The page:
We understand the impact of a life-limiting illness on you and the people closest to you. It’s why, over the years, we have developed a broad range of services to help people at what can be a very challenging time.
Our staff are trained to recognise the difficulties which you, your family and carers face when someone is seriously ill.
When any of our team speak with patients, they offer an emotional and psychological support service. They give each person the time and space they need to talk about their concerns when circumstances are changing and help them to find ways of coping.
The social workers also support with practical concerns which may include advice regarding benefits or housing in order to help patients, carers and families who are worried about how they will cope in new and often unexpected circumstances.
The team, in particular the chaplains, also offer support around spirituality, which is often a focus for people when they are approaching the end of their life.
What Family Support services do we offer?
- Emotional, practical and spiritual support
- 1:1 or group bereavement sessions
- Providing information and support for families
- Helping patients and their family to talk together
- Arranging practical support for patients at home
- Acting as a link with other professionals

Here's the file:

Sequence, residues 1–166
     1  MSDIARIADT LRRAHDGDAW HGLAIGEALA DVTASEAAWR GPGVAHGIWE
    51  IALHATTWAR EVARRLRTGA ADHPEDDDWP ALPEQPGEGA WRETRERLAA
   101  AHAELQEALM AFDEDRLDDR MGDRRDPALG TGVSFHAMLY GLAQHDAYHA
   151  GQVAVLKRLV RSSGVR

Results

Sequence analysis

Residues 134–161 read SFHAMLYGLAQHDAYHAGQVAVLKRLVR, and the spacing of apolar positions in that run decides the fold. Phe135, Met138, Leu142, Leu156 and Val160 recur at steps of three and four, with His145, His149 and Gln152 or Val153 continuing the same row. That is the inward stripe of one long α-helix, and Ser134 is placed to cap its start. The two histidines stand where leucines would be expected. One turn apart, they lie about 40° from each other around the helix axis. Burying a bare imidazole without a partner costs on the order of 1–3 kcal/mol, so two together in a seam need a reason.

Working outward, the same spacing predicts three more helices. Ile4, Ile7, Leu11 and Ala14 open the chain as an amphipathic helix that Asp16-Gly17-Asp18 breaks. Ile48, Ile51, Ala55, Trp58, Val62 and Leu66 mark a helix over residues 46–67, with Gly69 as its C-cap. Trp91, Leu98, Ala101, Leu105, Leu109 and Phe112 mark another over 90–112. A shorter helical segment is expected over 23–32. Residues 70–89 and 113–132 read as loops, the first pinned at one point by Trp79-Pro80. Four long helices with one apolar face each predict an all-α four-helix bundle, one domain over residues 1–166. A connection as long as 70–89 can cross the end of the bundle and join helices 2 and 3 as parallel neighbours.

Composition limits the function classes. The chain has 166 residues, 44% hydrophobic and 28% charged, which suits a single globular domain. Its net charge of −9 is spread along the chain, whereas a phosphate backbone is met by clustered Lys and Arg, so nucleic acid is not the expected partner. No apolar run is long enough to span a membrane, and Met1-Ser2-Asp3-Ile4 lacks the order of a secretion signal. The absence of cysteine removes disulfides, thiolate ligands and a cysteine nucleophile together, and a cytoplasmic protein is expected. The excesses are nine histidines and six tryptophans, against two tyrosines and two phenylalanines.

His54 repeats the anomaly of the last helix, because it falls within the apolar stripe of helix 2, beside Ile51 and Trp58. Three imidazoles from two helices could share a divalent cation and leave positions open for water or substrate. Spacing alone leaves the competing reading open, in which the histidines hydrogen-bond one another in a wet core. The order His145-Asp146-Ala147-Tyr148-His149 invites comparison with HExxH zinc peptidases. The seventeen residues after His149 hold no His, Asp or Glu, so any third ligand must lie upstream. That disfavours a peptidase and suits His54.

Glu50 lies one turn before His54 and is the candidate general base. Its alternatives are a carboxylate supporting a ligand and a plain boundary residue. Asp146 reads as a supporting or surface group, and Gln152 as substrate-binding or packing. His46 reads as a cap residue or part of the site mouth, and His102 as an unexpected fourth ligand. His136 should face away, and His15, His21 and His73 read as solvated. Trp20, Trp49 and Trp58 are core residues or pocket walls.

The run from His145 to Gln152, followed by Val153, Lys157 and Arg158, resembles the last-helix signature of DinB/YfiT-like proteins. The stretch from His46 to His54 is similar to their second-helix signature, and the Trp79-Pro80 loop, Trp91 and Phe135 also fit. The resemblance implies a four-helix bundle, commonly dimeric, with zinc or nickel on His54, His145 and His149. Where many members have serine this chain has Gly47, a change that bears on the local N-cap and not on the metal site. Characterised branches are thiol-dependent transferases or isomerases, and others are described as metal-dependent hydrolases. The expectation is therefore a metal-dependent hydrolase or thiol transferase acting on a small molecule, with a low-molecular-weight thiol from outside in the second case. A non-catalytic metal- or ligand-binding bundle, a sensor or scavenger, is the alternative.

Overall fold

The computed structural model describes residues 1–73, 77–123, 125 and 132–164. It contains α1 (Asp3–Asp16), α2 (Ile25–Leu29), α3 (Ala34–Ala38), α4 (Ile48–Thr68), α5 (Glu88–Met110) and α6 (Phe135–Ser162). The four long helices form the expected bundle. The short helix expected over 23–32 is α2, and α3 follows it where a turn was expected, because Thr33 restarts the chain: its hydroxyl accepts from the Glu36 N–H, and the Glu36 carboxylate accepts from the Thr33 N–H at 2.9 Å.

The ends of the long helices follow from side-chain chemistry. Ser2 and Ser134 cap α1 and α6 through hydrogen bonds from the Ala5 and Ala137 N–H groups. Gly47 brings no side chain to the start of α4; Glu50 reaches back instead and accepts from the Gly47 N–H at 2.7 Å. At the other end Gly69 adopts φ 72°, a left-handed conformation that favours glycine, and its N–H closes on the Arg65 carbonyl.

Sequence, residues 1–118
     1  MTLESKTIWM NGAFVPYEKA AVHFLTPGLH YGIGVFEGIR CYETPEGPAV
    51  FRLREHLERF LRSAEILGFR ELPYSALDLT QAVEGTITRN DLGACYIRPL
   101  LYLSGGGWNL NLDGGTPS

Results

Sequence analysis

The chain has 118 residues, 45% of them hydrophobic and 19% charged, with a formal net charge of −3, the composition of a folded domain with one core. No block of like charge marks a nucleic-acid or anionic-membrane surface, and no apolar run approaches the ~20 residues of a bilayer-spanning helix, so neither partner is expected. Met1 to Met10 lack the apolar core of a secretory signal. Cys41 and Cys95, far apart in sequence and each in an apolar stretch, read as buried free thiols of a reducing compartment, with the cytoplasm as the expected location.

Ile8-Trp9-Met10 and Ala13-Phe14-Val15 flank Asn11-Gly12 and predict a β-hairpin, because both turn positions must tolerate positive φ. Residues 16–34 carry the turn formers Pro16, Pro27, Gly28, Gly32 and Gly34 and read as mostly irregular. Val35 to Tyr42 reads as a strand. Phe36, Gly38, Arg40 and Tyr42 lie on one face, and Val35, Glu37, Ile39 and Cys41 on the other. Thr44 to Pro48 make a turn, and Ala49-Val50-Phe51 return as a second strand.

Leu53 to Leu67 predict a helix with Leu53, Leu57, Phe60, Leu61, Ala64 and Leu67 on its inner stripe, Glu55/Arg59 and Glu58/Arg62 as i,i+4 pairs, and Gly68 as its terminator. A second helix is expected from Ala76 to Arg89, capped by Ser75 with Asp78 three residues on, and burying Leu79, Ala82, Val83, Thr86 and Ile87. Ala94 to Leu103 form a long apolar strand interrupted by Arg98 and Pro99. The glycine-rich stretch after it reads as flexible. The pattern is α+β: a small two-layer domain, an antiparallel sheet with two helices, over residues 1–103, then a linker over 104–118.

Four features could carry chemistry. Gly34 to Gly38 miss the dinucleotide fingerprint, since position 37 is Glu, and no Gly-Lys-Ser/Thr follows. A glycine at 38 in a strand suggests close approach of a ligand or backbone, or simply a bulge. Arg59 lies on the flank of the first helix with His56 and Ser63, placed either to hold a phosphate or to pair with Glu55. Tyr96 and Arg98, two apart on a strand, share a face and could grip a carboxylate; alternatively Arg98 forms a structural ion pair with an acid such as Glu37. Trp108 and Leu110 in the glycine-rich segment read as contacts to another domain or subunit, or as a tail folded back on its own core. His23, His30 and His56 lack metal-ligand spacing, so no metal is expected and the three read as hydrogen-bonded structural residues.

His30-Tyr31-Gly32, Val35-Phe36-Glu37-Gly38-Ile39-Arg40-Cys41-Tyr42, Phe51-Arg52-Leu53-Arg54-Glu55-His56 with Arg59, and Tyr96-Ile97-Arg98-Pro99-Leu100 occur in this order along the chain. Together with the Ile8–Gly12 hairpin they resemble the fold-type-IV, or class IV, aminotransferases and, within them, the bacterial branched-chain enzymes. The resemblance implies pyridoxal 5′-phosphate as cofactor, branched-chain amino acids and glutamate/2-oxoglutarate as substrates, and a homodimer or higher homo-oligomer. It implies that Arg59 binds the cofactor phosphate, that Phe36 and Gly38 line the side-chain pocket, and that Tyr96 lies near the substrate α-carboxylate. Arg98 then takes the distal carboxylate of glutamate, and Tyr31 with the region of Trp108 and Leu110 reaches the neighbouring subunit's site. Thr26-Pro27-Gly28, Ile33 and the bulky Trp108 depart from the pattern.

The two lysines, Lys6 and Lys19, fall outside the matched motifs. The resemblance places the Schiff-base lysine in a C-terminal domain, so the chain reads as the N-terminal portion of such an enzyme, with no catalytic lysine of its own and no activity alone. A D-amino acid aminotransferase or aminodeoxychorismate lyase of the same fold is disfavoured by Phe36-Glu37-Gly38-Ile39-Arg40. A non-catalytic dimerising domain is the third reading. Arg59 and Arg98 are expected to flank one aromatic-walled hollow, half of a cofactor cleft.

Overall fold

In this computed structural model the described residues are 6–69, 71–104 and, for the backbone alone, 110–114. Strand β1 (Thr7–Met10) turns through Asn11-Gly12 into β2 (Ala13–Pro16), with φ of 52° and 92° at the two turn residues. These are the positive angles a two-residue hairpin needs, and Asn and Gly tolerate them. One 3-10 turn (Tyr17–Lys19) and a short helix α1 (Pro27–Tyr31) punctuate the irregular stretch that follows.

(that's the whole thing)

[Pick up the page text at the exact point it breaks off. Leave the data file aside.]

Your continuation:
- Acting as an advocate for patients
- Carer’s assessment and support for carers/family members
- Facilitating safe and timely hospice discharges
Family Support FAQ
All bereavement support sessions are tailored to the needs of the individual and may include one to one sessions or group activities. Sessions could entail the creation of memory books, discussions, listening, sharing experiences and developing coping strategies; signposting where appropriate.
Child bereavement support is offered to children and young people up to the age of 19 years (no prior connection with Nightingale House Hospice is required). For all other services not linked to child bereavement, the individual must be known to our hospice services.
We work holistically, considering practical, emotional, spiritual and social needs, as well as offering support to patients and their family and friends.